Thank you very much Miz Bejabbers for your very kind words. I think more and more people like you are understanding the truth about the USPS and realizing that its survival is definitely in their best interests. Thanks for spreading the word!

    • MizBejabbers profile image

      MizBejabbers 3 years ago

      Thank you for busting some post office myths. My first husband was constantly harping about how private enterprise could deliver the mail more efficiently and at a much lower cost. If so, why do I use the USPS for my packages more often than not? I will definitely share this one.

      I really admire your writing style. You get the point across efficiently with a little humor added. Voted up++ and shared.

    • Mel Carriere profile image
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      Mel Carriere 3 years ago from San Diego California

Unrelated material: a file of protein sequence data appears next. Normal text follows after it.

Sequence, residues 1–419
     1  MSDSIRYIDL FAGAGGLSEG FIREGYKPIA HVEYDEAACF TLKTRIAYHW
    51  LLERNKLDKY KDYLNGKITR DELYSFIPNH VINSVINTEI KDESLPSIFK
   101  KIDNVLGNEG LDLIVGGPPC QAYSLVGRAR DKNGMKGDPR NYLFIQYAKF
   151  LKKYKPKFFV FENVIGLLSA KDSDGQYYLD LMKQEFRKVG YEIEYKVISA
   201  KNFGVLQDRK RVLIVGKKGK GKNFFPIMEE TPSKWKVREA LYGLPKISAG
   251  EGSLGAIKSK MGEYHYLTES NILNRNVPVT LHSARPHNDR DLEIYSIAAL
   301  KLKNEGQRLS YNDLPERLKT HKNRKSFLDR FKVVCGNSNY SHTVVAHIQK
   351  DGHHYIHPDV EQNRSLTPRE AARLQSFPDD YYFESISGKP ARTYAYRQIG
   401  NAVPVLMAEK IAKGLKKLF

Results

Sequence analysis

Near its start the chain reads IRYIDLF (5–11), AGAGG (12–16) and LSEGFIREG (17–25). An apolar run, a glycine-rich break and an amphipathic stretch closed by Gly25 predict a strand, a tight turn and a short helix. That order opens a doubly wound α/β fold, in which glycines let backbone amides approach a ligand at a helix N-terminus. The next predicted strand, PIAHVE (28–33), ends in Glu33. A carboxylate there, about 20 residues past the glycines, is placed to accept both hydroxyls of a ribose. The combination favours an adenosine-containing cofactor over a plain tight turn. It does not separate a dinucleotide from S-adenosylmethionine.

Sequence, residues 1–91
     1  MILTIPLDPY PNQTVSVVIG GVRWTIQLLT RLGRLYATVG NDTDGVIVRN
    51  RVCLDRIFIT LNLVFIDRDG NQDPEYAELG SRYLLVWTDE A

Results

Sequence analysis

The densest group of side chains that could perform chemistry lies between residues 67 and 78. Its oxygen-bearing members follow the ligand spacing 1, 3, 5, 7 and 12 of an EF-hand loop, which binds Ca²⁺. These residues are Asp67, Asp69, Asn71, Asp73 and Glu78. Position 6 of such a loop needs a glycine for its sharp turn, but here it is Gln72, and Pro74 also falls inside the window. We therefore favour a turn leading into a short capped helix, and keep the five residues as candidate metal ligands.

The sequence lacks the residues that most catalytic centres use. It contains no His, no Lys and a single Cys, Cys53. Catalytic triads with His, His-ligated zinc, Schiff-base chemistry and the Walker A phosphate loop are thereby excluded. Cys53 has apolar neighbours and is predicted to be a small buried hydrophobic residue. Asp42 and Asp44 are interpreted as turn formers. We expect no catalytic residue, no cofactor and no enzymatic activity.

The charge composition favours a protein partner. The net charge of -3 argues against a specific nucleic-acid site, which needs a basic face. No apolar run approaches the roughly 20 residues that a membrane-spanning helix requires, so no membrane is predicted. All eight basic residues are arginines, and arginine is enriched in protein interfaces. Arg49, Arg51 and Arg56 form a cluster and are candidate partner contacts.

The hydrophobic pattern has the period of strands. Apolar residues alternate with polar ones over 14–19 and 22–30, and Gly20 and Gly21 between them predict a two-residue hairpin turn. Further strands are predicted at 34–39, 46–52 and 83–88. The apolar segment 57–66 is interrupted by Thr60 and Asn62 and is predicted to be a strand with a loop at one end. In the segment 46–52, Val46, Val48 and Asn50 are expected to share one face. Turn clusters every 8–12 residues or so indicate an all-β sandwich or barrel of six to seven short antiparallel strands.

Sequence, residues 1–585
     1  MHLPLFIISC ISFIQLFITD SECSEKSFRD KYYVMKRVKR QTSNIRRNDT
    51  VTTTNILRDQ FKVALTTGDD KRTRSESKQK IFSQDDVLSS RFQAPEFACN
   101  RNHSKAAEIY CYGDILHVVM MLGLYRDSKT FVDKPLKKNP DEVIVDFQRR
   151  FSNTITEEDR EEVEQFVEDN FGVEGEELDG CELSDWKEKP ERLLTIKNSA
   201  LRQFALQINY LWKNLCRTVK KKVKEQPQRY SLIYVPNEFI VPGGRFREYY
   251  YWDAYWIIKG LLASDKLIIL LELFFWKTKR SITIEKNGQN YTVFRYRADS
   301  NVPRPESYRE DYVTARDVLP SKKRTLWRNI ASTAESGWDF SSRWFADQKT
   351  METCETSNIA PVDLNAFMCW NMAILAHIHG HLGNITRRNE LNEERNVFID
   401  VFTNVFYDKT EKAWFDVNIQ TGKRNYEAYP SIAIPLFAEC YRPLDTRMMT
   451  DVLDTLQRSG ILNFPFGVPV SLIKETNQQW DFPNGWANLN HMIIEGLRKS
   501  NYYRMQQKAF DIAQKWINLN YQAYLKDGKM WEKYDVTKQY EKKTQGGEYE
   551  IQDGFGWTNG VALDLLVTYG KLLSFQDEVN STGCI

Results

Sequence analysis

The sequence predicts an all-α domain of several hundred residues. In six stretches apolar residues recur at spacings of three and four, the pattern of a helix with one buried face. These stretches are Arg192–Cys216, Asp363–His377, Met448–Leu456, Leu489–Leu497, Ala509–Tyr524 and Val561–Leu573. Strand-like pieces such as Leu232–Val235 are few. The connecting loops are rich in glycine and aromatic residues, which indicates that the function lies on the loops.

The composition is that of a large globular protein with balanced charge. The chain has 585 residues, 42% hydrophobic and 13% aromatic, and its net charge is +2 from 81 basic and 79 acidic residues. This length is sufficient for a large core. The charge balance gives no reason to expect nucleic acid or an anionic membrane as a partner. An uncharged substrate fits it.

Thank you Old Poolman, your suggestion inspired this but it certainly required a lot of research! I wish that a lot of Americans like you would adjust their thinking somewhat on the Postal Service because putting mail in the hands of the likes of FedEx and UPS certainly would not be in their best interests. Thanks again for the idea and the great comment!

    • profile image

      Old Poolman 3 years ago

      Mel - Thanks for addressing this myth, except that now I will have reprogram my brain with these new facts.

      It would appear that UPS and FedEx have been able to buy themselves a few powerful politicians. After reading your hub, it is amazing the USPS is even able to continue serving their customers.